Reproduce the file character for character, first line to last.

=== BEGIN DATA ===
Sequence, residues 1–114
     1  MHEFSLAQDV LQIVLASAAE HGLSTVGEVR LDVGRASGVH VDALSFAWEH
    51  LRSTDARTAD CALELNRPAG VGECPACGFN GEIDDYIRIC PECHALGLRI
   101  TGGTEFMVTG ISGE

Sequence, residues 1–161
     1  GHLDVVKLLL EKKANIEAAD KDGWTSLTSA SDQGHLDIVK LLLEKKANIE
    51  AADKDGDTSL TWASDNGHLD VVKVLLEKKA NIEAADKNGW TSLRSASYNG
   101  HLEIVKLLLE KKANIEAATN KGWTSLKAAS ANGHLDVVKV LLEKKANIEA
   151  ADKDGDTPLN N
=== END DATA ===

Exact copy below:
Sequence, residues 1–114
     1  MHEFSLAQDV LQIVLASAAE HGLSTVGEVR LDVGRASGVH VDALSFAWEH
    51  LRSTDARTAD CALELNRPAG VGECPACGFN GEIDDYIRIC PECHALGLRI
   101  TGGTEFMVTG ISGE

Sequence, residues 1–161
     1  GHLDVVKLLL EKKANIEAAD KDGWTSLTSA SDQGHLDIVK LLLEKKANIE
    51  AADKDGDTSL TWASDNGHLD VVKVLLEKKA NIEAADKNGW TSLRSASYNG
   101  HLEIVKLLLE KKANIEAATN KGWTSLKAAS ANGHLDVVKV LLEKKANIEA
   151  ADKDGDTPLN N